Do you want to see a large waterfall and old rusting cars along a pretty and mostly shaded hike? This is an odd combination, but just what you’ll see up Farmington Canyon on this shady hike.
Farmington Canyon is just east of Lagoon amusement park. The road is kind of narrow, but paved until just before the parking lot. From the parking area the trail heads up into the trees.
Most of these photos are from a day when Utah was filled with wildfire smoke from California wildfires. These are sunset photos I took that same day.
Because it was smoky, it means that the sky isn’t vibrant and visibility looking into the valley below was limited. Luckily it didn’t affect our breathing.
Right near the beginning of the trail there is a little cave. It’s so sad that it has been vandalized. Please leave no trace so others can enjoy the beauty.
The path is nice and shaded at least half the time. The canyon views are also very beautiful.
While we were hiking we saw sagebrush lizards and butterflies. There is a chance of rattlesnakes in this canyon, but we didn’t see any.
Also, be sure to look behind you at the city views. There was still some wildfire smoke when we hiked this, so visibility isn’t as great as usual.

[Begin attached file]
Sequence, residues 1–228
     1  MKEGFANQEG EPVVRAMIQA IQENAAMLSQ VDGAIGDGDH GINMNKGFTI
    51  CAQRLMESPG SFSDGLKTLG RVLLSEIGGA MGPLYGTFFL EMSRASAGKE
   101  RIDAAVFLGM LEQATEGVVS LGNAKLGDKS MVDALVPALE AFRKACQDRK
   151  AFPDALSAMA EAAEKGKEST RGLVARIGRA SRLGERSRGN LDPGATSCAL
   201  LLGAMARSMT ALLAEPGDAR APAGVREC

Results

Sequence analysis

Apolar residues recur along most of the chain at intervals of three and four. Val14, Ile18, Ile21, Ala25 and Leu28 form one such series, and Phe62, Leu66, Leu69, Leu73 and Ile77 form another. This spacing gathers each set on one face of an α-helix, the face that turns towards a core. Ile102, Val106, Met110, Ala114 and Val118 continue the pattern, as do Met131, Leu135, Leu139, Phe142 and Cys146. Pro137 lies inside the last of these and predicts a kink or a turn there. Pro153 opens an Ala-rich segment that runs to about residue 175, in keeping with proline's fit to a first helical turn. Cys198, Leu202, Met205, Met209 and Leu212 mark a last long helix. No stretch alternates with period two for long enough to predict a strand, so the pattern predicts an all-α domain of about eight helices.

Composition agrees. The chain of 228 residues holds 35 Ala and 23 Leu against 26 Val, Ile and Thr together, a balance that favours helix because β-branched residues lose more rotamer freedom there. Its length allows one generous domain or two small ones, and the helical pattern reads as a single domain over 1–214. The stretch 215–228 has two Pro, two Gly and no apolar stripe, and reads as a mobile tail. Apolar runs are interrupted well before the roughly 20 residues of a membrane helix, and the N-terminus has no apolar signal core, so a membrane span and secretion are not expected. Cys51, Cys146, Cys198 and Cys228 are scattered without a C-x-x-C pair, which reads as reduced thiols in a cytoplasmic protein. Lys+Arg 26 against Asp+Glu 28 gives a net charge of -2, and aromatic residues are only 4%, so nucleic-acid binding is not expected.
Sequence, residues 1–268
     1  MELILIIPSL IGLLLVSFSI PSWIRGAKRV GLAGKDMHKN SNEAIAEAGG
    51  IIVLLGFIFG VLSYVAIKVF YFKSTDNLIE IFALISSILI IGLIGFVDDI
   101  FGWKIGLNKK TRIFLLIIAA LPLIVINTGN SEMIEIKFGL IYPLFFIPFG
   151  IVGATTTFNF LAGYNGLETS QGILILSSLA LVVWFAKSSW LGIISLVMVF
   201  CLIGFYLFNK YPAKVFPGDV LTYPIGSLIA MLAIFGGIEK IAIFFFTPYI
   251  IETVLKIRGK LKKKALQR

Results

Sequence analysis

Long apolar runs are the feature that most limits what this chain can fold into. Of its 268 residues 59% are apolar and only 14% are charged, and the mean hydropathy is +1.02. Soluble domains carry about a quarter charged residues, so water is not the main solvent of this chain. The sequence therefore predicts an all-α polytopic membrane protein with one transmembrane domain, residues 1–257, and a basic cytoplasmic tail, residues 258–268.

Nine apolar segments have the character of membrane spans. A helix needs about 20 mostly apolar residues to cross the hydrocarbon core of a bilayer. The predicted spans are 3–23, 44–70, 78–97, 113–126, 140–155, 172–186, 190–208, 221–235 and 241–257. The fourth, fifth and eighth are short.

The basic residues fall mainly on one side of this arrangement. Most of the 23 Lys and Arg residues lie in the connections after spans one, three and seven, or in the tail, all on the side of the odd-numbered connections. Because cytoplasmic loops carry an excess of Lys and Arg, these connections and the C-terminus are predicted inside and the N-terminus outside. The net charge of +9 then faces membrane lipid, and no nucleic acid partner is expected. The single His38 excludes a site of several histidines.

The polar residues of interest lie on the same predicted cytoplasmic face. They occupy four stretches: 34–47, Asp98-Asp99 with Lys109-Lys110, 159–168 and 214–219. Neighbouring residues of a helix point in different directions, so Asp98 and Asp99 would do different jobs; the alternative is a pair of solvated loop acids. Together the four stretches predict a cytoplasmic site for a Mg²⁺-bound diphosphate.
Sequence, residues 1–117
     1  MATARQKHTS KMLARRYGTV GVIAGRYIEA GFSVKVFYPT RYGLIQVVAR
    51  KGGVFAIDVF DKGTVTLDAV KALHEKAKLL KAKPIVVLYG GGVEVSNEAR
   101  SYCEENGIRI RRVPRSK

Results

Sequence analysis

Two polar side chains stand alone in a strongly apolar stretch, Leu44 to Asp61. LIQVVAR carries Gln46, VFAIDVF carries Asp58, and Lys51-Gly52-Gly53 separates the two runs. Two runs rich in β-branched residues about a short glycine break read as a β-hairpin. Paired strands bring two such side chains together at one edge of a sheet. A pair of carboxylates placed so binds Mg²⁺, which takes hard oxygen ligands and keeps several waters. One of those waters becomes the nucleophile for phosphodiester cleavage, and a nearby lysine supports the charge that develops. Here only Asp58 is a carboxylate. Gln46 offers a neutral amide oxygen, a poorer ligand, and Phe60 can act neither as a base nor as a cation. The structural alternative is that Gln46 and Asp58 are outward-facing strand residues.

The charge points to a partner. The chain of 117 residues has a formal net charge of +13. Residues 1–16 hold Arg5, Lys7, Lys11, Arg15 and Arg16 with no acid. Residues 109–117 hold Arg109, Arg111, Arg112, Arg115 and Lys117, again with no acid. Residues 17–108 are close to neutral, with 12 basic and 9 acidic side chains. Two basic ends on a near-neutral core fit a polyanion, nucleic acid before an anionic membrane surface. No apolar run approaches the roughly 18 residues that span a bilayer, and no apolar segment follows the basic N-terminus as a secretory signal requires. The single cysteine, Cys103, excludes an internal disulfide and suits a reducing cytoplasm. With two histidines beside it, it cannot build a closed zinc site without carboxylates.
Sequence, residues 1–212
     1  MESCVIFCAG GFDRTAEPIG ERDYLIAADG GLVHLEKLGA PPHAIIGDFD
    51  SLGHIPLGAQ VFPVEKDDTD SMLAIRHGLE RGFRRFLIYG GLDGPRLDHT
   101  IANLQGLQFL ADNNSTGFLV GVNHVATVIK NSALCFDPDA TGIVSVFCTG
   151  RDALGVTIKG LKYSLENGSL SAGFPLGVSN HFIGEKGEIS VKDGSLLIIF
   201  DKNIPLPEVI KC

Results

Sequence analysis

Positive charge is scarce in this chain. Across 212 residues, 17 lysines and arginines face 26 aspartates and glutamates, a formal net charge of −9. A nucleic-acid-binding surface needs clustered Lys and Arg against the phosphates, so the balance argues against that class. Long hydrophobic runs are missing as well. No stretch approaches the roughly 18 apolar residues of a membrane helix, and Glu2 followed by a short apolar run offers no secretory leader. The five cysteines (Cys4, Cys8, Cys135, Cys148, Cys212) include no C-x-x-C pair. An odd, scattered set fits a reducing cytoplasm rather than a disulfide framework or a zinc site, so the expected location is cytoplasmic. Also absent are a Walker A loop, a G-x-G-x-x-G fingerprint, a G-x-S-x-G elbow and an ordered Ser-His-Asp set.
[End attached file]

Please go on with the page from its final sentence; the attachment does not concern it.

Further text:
The Farmington Canyon Road (Skyline Drive) that leads to this trailhead actually continues up and along the top of the mountainside. It is apparently pretty precarious, or at least was in the 1950s and 1960s when most of these cars fell off the road and rolled down into the canyon below.
The first few cars are a little hidden, but if you look for them, you will find some on both sides of the trail. We found at least five cars.
This trail has some awesome rocks! I love the stripes.
There are a couple stream crossings. Since we hiked in August the water was shallow and it was easy to cross, either on the rocks or logs, but perhaps in the spring it would be trickier.
**In late 2022 they added a new trail that goes directly to the base of the waterfall. This makes it much easier, especially for young children and dogs. There is still the original rope down as an option, described below.
About 1.6 miles into the hike there is a rope that helps you scale down to the waterfall. It is a bit tricky and I would not attempt it with toddlers. If you want to see the view from the path, just take an extra dozen steps or so and you can look down on the waterfall from above.
A few of my kids stayed above and the rest of us went down the rope for a better view. I wasn’t wearing my hiking shoes and my lack of tread made it a little tricky, but thanks to the rope and some study branches, I could do it just fine. Here are views from above and below.
Scaling down to the waterfall is well worth it. The waterfall is at least 20 feet and even in August during a drought it had nice flow.
Other close hikes in Davis County are Adam’s Canyon Upper Falls, Adam’s Canyon Lower Falls, Mueller Park, Elephant Rock, and Parrish Creek Pictographs and Waterfalls. For nearby bird watching check out Farmington Bay or Beus Pond.
Distance – 3.3 miles roundtrip
Approximate hiking time – 1-2 hours
Elevation gain – 889 feet
Difficulty – Moderate (Climbing down to waterfall is difficult)
Trail – well maintained trail of dirt
Bathrooms – No
Seasons to hike – April-October
Permits needed – None
Pets allowed – Yes